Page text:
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  • Author: Ian Bruff
  • Publication Date: 03-2012
  • Content Type: Journal Article
  • Journal: International Politics
  • Institution: Palgrave Macmillan
  • Abstract: This article argues that in many cases the theoretical resources for a revived and enriched 'critical International Political Economy' already exist, and we would do well to revisit earlier works when seeking to intervene in contemporary debates. Through an initial engagement with the recent plethora of contributions on 'the international', I contend that Nicos Poulantzas' later writings deserve a rereading. In particular, his work on the historicity of territory and the internationalisation of capital constitutes a series of rich and suggestive commentaries. The significance of his remarks are later illustrated via a consideration of Germany, where I argue that the changes wrought by the growing imbrication of the German economy with transnational circuits of capital have been taking place through, and not necessarily against, the historicity of German capitalism's emergence and evolution.
  • Topic: International Political Economy
  • Political Geography: Germany
  • Author: Kenneth Waltz
  • Publication Date: 03-2008
  • Content Type: Journal Article
  • Journal: Uluslararasi Iliskiler
  • Institution: Uluslararasi Iliskiler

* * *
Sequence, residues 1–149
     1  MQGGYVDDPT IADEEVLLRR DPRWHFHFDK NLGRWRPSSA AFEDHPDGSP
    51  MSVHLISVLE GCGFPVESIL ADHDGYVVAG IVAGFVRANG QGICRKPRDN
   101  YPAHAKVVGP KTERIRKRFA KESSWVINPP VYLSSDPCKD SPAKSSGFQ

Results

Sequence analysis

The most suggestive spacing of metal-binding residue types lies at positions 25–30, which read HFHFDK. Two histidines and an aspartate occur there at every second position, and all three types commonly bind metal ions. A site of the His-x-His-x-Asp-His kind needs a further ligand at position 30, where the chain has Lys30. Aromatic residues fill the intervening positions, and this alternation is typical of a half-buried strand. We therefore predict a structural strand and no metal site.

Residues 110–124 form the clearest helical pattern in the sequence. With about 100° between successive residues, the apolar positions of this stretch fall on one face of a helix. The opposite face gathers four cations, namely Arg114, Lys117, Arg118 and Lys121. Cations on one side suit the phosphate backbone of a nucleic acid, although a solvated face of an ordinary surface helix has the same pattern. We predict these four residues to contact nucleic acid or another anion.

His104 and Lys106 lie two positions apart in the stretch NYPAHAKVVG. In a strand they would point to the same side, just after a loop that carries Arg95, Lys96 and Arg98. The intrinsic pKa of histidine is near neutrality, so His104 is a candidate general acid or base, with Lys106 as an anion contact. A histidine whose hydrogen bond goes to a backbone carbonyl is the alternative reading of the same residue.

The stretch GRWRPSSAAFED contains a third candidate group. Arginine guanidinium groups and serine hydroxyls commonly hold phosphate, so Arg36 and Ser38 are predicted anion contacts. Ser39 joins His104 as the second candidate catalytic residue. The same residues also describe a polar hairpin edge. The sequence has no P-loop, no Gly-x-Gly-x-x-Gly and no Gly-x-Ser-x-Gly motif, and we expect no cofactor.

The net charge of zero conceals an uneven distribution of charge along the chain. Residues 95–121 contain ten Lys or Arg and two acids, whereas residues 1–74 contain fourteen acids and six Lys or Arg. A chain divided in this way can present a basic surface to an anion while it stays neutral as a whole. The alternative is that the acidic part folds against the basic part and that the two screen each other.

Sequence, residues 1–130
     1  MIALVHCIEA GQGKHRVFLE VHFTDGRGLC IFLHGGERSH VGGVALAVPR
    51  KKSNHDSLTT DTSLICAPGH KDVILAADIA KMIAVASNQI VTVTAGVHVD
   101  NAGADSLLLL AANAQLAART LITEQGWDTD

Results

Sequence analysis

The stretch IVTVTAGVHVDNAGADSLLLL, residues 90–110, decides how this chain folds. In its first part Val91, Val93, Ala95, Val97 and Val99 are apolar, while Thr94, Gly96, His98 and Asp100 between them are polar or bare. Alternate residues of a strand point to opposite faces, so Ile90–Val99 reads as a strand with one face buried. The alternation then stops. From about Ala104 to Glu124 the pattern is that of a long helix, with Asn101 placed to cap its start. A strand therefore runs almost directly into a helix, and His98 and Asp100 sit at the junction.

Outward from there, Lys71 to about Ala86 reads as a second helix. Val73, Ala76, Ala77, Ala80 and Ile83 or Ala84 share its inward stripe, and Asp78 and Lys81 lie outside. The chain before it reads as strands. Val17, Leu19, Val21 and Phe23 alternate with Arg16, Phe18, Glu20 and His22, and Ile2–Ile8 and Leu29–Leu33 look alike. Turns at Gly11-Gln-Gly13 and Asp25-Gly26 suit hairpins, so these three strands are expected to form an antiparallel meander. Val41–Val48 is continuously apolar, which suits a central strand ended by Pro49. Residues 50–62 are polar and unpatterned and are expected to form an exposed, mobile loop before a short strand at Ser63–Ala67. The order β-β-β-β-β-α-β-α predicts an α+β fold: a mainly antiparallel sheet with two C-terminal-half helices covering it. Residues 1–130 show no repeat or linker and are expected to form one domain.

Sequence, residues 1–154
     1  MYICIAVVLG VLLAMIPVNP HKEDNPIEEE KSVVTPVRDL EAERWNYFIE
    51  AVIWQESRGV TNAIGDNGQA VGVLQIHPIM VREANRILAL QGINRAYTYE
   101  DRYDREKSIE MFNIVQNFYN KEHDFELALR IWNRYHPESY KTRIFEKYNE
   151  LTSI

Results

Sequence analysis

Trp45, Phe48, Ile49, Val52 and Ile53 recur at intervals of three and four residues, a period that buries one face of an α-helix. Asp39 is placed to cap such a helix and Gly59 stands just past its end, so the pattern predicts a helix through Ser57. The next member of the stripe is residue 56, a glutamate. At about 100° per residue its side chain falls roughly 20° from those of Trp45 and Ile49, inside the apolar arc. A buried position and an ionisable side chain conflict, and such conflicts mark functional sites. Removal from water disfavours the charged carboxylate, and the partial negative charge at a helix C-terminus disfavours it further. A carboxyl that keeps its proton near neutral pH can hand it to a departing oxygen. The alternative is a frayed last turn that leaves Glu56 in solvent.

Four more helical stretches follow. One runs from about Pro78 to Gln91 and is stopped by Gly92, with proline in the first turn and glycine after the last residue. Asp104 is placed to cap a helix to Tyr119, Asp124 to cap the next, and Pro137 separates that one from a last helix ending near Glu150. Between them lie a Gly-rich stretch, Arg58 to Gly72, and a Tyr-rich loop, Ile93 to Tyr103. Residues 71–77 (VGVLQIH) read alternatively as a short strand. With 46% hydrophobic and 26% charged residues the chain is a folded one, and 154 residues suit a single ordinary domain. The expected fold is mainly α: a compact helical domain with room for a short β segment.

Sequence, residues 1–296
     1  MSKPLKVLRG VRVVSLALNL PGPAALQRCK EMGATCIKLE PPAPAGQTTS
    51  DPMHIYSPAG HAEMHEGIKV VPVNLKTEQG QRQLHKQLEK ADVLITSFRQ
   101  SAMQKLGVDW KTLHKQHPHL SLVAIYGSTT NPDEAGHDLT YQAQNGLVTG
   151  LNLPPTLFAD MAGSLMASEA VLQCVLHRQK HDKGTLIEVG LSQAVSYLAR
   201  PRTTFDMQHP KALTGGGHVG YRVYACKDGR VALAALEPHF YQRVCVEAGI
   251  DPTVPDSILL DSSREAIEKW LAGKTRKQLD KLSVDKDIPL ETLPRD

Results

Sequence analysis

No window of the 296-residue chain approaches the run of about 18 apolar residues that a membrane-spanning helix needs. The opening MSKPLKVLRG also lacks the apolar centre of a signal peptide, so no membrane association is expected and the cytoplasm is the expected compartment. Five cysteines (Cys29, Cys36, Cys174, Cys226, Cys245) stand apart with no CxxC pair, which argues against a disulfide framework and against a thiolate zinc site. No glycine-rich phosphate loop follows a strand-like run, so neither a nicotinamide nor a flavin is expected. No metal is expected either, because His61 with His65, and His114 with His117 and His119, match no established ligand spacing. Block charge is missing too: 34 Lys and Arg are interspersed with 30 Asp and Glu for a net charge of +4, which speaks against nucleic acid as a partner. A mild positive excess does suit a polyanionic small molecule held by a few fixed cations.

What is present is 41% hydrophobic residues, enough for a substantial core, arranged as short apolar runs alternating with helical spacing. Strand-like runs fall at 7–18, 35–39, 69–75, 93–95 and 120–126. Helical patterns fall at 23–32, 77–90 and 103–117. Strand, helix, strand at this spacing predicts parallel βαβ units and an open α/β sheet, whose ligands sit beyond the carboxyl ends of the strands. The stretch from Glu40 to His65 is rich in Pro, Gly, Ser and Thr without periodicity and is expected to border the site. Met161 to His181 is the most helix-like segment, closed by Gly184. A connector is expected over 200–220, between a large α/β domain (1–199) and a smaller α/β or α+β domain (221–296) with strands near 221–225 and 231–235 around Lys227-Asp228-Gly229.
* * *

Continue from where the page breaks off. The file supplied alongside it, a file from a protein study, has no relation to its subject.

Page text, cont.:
• Abstract: During the Cold War, the bipolar structure od international system and the nuclear weaponry avaliable to some states combined to perpetuate a troubled peace. As the bipolar era draws to a close, one has to question the likely structural changes in prospect. Following the dissolution of the Soviet Union, bipolarity endures, albeit in an altered state, because Russia stil takes care of itself and no great powers have emerged yet. With the waning of Russian power, the United States is no longer held in check by any other country. Balance of power theory leads one to assume that other powers, alone or in concert, will bring American power into balance. Considing the likely changes in the structure of international system, one can presuppose that three political units may rise to great-power rank: Germany or a West European state, Japan and China. Despite all the progress achieved by these countries, for some years to come, the United States will be the leading counrty economically as well as militarily.
  • Topic: Cold War, International Political Economy, Nuclear Weapons, Politics, Political Theory
  • Political Geography: Russia, United States, Japan, China, Europe, Germany